The health care organization is constantly subject to changes both internally (for example, in its operations) and externally, and ePHI likewise are subject to the increase/decrease of risks.
Risk management, like risk assessment, is a dynamic and continuous process that should be regularly reviewed, modified if needed and updated according to those changes. Implemented security measures should be assessed and monitored, following the principle that risk analysis new outputs serve as inputs for risk management in order to “maintain risk at a reasonable and appropriate level” and/or adopt new measures for newly detected risks.
The HIPAA security rule requires that the evaluation standard should cover both technical and non-technical aspects but it does not have any requirement about the periodicity of doing so. Indeed, it depends on the specifics of each organization and the events that it faces. However, it is preferable and good practice to review processes when, for example, the organization plans to adopt a new technology. In this case, risk management would be concerned with checking if the existing security measures are enough and, if not, creating and implementing security measures as needed in order to make its use “safe” and to protect ePHI by minimizing the risk related to this new technology.
The musts for an efficient risk management process:
- Having an incident reporting system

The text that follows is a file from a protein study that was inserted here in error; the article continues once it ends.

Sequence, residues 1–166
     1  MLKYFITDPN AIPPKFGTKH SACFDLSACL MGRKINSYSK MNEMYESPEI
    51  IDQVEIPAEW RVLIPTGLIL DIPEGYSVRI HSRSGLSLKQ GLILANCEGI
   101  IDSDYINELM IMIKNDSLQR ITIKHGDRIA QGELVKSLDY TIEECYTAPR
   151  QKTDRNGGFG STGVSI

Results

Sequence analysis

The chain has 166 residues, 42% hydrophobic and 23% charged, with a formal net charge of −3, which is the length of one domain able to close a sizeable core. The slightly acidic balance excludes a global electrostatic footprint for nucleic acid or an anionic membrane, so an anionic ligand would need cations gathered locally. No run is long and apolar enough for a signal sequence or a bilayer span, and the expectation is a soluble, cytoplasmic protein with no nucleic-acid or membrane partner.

- Having a complaint system
- Taking preventive OR corrective measures
- Having an accurate, complete and updated documentation
- Educating employees on the matter
- Encouraging inter-departmental collaboration
Risk management is only performed to comply with the HIPAA security rule: FALSE! It also concerns the HIPAA privacy rule.
Risk management is only the responsibility of top management: FALSE! It is the responsibility of every worker using the organization’s systems directly by reporting as well as indirectly by contributing to the creation of the risk management plan even though it is the top management decision.
Employees risk sanctions while reporting: FALSE! It is not the aim. Moreover, in case of lack of reporting, all the analysis done could be biased.
External resources cannot be used to implement security measures: FALSE! The organization is free to use internal and/or external resources. The HIPAA security rule does not have any requirement in this matter.
Risk management is an integrated part of the security management process that allows the healthcare organization to protect its finances, ensure employees and patient safety and provide quality care.
It is the role of health care risk managers to develop, implement, evaluate and sustain risk management plans by taking into account the changing internal and external environment of the organization.
The HIPAA security rule draws the headlines of the risk management process and gives guidelines in order to make its adoption easier. At the same time, it gives freedom to the organization to adapt it according to its available resources and needs. Moreover, due to the possible complexities related to the performance of security management, the HIPAA security rule encourages health care organizations to take into account the general concepts in order to comply with it.